Changes could be coming to Austin’s animal shelter, AAC director responds

AUSTIN (KXAN) — A resolution expected to come before Austin City Council next week could bring a number of changes to the way the city-run shelter operates. The proposed changes include restricting which animals can be released into the community and allowing people who find animals to foster them immediately.

The chief animal services officer for the Austin Animal Center, Don Bland, also said it’s committed to eliminating the use of crates in the shelter, something that’s been done for years.

“Working with the city manager’s office, the auditor, council offices, other organizations…these were some of the changes that, you don’t want to say low hanging fruit, it’s things that we could change very quickly,” said Bland.

The largest element of the resolution would limit the taxpayer-funded shelter’s ability to release dangerous dogs into the community and change the way dangerous dogs are classified.

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As it’s written now, the move would switch the city’s current internal measurement for how aggressive a dog is to the nationally recognized Dr. Ian Dunbar scale. That scale ranges from 1-6.

The most severe end of the scale, 6, is an animal killing someone. The least severe, a 1, is aggressive behavior but no biting. The resolution would require the city shelter not to release any animals at or over a 4 — which requires severe and deep wounds.

“A moderate to you…and a moderate to me might be two different definitions, but what a level two is on the Dunbar scale, we all have the same definition,” Bland said.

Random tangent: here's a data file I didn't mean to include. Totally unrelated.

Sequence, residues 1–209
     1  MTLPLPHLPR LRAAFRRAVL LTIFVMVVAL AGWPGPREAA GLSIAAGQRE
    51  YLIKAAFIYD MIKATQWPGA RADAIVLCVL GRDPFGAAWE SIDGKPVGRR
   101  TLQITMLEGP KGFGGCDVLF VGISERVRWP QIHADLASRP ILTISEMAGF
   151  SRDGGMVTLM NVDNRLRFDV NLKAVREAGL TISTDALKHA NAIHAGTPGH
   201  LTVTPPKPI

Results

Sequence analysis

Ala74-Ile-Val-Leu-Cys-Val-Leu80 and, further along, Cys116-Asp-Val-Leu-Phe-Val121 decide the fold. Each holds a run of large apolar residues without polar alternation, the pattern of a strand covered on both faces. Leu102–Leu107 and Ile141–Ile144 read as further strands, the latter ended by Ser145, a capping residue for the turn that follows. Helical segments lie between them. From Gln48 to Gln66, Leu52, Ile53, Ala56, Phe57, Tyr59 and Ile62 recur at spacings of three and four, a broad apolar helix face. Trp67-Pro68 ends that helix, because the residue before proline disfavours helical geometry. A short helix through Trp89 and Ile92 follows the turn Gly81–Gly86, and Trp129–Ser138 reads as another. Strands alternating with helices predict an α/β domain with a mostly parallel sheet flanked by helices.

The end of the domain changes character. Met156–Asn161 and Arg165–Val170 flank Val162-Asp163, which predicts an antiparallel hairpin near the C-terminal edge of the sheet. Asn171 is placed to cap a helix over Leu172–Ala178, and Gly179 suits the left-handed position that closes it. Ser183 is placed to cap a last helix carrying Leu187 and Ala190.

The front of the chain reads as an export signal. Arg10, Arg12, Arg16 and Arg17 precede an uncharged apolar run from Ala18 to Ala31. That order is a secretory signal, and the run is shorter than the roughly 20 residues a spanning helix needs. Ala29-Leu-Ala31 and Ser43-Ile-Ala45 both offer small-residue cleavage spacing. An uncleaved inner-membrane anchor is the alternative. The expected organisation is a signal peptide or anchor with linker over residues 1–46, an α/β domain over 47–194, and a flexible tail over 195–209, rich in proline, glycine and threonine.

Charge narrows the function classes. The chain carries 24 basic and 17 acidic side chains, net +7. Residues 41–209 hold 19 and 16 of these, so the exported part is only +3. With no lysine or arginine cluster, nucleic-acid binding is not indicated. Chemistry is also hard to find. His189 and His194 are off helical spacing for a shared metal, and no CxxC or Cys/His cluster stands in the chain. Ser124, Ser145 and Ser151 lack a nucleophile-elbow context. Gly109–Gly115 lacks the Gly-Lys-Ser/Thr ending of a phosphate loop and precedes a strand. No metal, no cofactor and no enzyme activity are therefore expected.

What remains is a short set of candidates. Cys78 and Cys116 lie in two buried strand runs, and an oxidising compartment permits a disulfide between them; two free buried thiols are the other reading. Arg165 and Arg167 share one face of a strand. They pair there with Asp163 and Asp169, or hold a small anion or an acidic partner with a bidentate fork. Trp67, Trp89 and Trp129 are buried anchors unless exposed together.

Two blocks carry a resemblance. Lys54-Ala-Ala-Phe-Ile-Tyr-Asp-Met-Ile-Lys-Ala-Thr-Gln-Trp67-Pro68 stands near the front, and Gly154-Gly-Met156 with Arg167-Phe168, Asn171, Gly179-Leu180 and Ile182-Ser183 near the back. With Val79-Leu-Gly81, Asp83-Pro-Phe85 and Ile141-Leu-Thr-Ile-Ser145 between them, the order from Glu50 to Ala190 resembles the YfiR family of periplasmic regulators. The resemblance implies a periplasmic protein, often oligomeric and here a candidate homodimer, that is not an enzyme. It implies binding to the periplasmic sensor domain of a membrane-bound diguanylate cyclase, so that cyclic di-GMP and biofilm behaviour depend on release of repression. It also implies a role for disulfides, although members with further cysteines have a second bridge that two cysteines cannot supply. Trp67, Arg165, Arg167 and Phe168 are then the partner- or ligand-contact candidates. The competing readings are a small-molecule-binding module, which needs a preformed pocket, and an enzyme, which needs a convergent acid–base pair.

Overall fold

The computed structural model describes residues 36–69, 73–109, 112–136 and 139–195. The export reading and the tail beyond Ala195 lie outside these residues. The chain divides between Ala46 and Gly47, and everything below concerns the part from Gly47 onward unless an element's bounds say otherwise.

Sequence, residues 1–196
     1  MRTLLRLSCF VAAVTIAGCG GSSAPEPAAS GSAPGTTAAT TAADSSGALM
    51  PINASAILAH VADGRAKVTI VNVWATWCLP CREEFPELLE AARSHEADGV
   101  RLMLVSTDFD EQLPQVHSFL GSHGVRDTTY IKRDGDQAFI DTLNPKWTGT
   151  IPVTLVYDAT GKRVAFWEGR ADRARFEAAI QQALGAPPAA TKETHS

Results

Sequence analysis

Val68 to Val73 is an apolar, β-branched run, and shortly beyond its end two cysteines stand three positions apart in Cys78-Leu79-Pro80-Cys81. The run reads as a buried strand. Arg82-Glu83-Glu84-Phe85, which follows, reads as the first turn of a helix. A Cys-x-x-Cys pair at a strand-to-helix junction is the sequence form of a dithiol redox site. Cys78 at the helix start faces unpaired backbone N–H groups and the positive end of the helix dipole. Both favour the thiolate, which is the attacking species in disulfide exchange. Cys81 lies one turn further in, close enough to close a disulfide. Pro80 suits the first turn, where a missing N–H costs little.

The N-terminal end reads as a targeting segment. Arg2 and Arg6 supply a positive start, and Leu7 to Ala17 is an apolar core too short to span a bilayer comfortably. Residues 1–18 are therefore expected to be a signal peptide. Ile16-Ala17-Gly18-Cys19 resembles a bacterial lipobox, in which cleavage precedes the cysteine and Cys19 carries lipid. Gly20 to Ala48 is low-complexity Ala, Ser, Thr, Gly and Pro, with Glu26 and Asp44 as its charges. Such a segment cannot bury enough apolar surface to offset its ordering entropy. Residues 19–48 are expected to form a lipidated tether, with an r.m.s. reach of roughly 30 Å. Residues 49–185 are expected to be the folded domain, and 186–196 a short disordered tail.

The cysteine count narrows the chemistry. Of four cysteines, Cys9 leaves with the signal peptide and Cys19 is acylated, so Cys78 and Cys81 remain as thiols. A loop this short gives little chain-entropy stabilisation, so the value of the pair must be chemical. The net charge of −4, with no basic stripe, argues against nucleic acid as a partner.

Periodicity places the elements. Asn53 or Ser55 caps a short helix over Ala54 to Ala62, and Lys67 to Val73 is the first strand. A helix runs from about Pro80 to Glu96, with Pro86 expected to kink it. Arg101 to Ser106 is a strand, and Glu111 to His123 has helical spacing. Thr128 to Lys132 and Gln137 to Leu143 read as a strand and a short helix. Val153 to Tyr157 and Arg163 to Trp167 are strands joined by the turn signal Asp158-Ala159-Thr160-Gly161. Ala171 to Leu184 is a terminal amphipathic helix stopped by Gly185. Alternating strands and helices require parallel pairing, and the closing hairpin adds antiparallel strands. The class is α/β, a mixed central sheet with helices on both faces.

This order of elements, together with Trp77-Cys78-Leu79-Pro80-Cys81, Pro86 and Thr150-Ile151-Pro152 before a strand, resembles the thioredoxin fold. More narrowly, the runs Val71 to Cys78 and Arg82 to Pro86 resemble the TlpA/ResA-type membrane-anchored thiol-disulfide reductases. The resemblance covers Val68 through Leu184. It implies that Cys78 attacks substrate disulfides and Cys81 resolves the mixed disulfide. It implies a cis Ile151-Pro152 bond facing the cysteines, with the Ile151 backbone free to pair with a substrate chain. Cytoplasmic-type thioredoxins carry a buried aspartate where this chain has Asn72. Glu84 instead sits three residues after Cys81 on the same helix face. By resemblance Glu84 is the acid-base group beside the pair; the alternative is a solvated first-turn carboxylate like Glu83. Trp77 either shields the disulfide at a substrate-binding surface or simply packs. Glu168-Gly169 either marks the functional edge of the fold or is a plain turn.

Right now, before an animal is euthanized at the Austin Animal Center, even if the reason is behavior, other organizations have a “right to rescue.” This would eliminate that possibility if an animal is deemed that aggressive.

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The monster resolution also calls for changes to the city’s requirement that the shelter hold dogs for at least 72 hours in the shelter before releasing them to foster. Currently, if you find a dog, the shelter has to take it in for three days before allowing you to foster it.

The proposal would change that, something they’re calling “finder to foster.” It could allow for more space at the shelter and incentivize people to foster animals.

“That animal would be available just like it would be if it was here and that helps us with space. But also, that animal is going to be happier in that home than it is in a shelter in a cage anyway,” Bland said.

The resolution also asks the city shelter to define the language “animals” from the city code that governs the city’s ‘no kill’ rate and change it to “cats and dogs” so that the city’s reports more accurately reflect pets.

Bland said these changes are a start — but there’s more to come.

“I’ll give you a little hint. One of the next things that we need to look at is an additional location, a satellite location…A city our size to have one location in a far edge of town is detrimental to us,” he said.

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